Beware the Family Caregiver : Food for Thought
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Beware the Family Caregiver

by Paul Mawn on 08/22/19

We have all heard sad stories in the media about predators targeting the elderly.  Often these stories involve phony investment scams, reverse mortgage scams, or lottery scams.  Sometimes we hear about a sinister nurse’s aide who steals an elder’s identity and cleans out the elder’s bank accounts.  In almost all of these media accounts, the con-artist is an outsider who comes into the elder’s life, wins their trust and steals their assets.  Yet, you may be surprised to learn that most financial exploitation of the elderly is not done by opportunistic strangers, but by close family members. 

When family members exploit the elderly, the culprit is often the family caregiver—the family member who lives with the elder providing care, companionship and assistance.  This person usually has the motive, means and opportunity. 

The motives can be tricky to pin down, and can be related to family dynamics that go back decades.  Yet, for larcenous family caregivers, one of the strongest motives is usually a sense of entitlement related to the sacrifices inherent in the caregiver role.  When one family member is doing the bulk of the caregiving for an elderly loved one, it is only natural that they can feel overwhelmed and resentful of other family members who are not contributing as much.  Most caregivers have the strength of character to deal with these difficult feelings in a constructive way.  Yet, some caregivers allow these feelings to fester, which can lead to, among other things, a sense of entitlement.  Often this sense of entitlement will drive the morally weak caregiver to justify a decision to financially exploit their loved one. 

When you are dealing with a morally weak caregiver, the bad news is that the opportunity to pull off a heist is inherent in the caregiving role.  Usually the caregiver lives with the elderly victim, who becomes more and more dependent upon them as time goes by.  As the elderly victim becomes more and more reliant upon them, the dishonest caregiver will enjoy more opportunities to increase the subtle and not-so-subtle pressure on the elder to give them control of their assets.  Some of their standard textbook plays are to get themselves named survivor on the bank accounts and the deed to the house, and to convince the elder to execute a power of attorney that enables them to move assets from the elder’s accounts to their personal accounts. 

The good news is that most family caregivers are honest, caring people who truly are making a great sacrifice to honor their loved ones and to assist the family as a whole.  In these situations, I would advise all other family members to make sure that they thank them, show appropriate appreciation and offer to help out whenever they can.  Living by this Golden Rule is not only the right thing to do, but it also has the practical benefit of dampening any resentment that may be brewing inside the caregiver—resentment that could blossom into financial exploitation.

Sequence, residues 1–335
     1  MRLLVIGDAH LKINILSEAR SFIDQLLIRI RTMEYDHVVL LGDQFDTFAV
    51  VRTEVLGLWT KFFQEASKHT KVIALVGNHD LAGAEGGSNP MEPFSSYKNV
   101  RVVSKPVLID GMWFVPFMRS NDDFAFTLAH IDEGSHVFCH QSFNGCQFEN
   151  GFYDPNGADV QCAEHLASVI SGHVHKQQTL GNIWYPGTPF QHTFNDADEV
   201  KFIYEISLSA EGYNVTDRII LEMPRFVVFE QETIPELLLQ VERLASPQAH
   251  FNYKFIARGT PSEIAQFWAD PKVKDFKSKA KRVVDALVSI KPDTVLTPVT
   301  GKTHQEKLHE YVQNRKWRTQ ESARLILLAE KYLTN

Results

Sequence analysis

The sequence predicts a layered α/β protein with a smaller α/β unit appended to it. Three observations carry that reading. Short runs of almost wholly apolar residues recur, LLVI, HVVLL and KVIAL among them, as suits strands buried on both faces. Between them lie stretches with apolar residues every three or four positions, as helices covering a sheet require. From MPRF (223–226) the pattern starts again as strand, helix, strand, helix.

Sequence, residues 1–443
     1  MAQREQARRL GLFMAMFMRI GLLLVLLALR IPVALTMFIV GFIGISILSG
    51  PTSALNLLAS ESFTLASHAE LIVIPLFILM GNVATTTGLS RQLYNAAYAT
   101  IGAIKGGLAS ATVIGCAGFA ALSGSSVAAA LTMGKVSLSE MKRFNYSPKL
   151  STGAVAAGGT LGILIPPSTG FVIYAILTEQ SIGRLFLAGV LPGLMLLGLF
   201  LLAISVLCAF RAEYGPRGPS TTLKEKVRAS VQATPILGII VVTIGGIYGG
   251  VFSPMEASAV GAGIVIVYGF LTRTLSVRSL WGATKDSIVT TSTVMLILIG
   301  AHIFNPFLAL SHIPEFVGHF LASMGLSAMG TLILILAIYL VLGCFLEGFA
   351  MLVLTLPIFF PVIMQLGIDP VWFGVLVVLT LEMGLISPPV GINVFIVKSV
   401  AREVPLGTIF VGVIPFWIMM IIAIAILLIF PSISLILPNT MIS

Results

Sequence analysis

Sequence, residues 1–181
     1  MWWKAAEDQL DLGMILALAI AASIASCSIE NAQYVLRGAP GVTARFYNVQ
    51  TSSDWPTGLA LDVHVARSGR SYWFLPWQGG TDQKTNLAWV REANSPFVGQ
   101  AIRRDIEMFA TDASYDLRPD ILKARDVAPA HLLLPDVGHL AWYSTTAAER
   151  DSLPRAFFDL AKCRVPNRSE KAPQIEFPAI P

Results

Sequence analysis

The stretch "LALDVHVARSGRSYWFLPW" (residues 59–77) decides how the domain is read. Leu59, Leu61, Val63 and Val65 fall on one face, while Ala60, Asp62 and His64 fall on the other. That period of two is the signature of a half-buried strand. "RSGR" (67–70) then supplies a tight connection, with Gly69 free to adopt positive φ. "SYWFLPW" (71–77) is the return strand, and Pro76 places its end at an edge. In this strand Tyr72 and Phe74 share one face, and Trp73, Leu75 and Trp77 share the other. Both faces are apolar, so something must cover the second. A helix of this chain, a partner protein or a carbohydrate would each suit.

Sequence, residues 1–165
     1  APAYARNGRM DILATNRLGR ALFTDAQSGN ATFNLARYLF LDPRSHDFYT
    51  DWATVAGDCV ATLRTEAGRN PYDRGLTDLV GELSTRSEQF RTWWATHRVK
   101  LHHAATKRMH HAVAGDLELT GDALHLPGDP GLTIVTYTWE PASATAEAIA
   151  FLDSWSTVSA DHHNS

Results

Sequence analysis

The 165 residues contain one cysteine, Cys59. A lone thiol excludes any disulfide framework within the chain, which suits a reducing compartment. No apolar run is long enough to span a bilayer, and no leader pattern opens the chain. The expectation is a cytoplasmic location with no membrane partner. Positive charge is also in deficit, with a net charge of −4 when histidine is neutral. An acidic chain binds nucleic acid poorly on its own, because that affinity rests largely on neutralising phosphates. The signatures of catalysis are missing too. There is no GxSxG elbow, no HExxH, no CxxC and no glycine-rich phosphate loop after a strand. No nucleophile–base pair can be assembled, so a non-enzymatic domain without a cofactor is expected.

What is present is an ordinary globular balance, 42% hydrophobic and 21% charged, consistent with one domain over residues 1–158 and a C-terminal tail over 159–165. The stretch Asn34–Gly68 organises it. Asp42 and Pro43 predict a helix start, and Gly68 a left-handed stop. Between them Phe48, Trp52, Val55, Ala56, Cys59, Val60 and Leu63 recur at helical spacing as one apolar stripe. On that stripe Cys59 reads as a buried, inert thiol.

If you have any concerns about a caregiver in your family, you should talk to a qualified elder law attorney, who will be able to help you with both preventative and remedial measures. 

Preventative measures keep the theft from happening in the first place—kind of like investing in a good security system for your home.  Such measures can include drafting instruments that name the elder’s most trustworthy and suitable family member or friend to make medical decisions for them and/or to handle their finances in the event that they ever need assistance.  Preventative measures are most effective when a qualified elder law attorney works with an elder who is still relatively independent, and mentally sharp. 

Remedial measures are taken when some damage is already done—kind of like calling ServPro after the basement flooded.  Such remedial measures could include a strongly worded letter from the attorney to the to the culpable family caregiver; a petition to the Probate Court to have a more responsible family member appointed conservator; a complaint filed with the Department of Social Services Elder Abuse Unit; and, if necessary, a complaint with the local police.  With remedial measures, I always counsel restraint at first.  One can always escalate the remedial measures if necessary, but one cannot always heal the divisions that more extreme measures (like calling the police) can cause within the family. 

            For many people, their family is their most prized asset—a wonderful gift that keeps giving.  Most people have such high regard for their family that they do not want to think about the possibility of a family member doing them wrong.  Yet, sometimes, a little bit of wise planning might be needed to protect the family from itself.  

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